Syringa ‘Bluets’

It’s coming into my office to find me again. Climbing in through the windows, pushing the curtains aside, floating over to the computer to lure me outside. Sometimes it throws its voice like a ventriloquist. Sometimes it spreads its sweetness so broadly that who can pinpoint exactly where the buzz first began? But eventually, I always follow the deep-throated redolence back to the lilac tree on the side of the house.

Tell me that other bushes of Syringa ‘Bluets’ exist out there. Tell me that I don’t harbor the sole remaining ‘Bluets’ blooming in my front yard. Surely other gardeners are inhaling that evocative aroma of musky wine tinged with the undertone of baby powder and just a touch of vanilla right now. I was photographing the Rochester Lilac Festival last year — home of the largest lilac collection around — and promised I’d propagate one for them. For years now, they’ve been searching for it. Mine made its way to my front yard from Blue Meadow Nursery just minutes before that incredible nursery resource closed its doors. I’m bringing cuttings to Broken Arrow Nursery (www.brokenarrownursery.com) to propagate next week. Hopefully, they’ll have plants ready next year.

‘Bluets’ isn’t the first lilac to open in May by a long shot. But it’s nearly June now and a few blossoms still linger. So it’s one of the last to fade until that signature scent is just a heady echo on the warming evening air. When its prime, ‘Bluets’ umbels are plump with blossoms so double and dense that they form an absolutely solid mass of bloom. And the color is the faded glory of bluets — the little wild groundcover we called Quaker ladies when I was a kid. So there it is, the synthesis of youth spun into a maelstrom of plump interwoven petals checkering the shrub loitering by my window.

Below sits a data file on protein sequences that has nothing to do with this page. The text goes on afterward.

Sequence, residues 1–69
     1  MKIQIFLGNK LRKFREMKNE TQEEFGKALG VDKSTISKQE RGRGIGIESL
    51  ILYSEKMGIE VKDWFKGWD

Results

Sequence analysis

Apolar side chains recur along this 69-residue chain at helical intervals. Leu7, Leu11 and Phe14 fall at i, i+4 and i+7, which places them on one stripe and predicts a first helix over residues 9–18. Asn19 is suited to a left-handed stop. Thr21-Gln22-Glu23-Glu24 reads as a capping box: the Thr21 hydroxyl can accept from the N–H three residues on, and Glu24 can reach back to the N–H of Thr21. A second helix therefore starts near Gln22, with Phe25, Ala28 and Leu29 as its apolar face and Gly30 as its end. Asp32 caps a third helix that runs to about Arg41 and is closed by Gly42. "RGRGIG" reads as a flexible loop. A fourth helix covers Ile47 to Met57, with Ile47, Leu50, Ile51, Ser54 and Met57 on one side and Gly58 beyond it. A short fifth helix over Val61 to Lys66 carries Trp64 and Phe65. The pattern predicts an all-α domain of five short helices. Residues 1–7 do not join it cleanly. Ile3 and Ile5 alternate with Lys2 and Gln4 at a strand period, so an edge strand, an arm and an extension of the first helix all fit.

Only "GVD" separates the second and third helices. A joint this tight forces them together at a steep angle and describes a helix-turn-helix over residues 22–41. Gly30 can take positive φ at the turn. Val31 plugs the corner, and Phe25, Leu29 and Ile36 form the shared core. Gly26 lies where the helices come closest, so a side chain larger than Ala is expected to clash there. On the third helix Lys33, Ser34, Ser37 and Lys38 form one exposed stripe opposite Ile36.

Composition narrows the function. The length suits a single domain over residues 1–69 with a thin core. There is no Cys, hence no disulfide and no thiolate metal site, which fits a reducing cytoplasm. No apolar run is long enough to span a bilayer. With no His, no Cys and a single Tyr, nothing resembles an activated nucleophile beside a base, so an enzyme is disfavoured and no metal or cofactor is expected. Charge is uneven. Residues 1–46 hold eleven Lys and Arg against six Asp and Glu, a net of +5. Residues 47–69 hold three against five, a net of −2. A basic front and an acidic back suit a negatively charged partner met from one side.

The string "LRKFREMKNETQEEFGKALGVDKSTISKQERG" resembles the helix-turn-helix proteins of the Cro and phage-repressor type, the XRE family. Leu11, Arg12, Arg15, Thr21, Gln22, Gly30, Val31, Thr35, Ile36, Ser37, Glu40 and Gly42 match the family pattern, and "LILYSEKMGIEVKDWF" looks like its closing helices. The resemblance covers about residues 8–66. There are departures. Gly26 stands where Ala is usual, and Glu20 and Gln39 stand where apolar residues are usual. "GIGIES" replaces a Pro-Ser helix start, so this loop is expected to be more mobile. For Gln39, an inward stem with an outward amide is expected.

'Bluette' snuggled against my cottage

For what seemed like forever, ‘Bluets’ was stalled in its ugly duckling stage. I honestly wondered whether I’d planted a lemon among lilacs. That’s how long I waited for my first cotton candy-like wads of blossoms. And now they dapple the bush by the dozens. And ‘Bluets’, I might add, DOESN’T GET MILDEW (so far) throughout the years with nothing but rain as well as the years with nothing but drought.

If I were going to stage a story about spring, ‘Bluets’ would be in the scenery. It’s redolence would be humming the harmony while the tulips sing along. And even when the tulips get winded and run out of voice; even when the alliums pick up the tune, ‘Bluets’ is still in the brew.

Do me a favor. Read this blog again next winter. Read about the power and performance of ‘Bluets’. Glance the description of the scent one more time. And tell me — can you smell the essence of lilac season floating beyond your curtains again? Close your eyes and inhale. That’s the pulse of spring.

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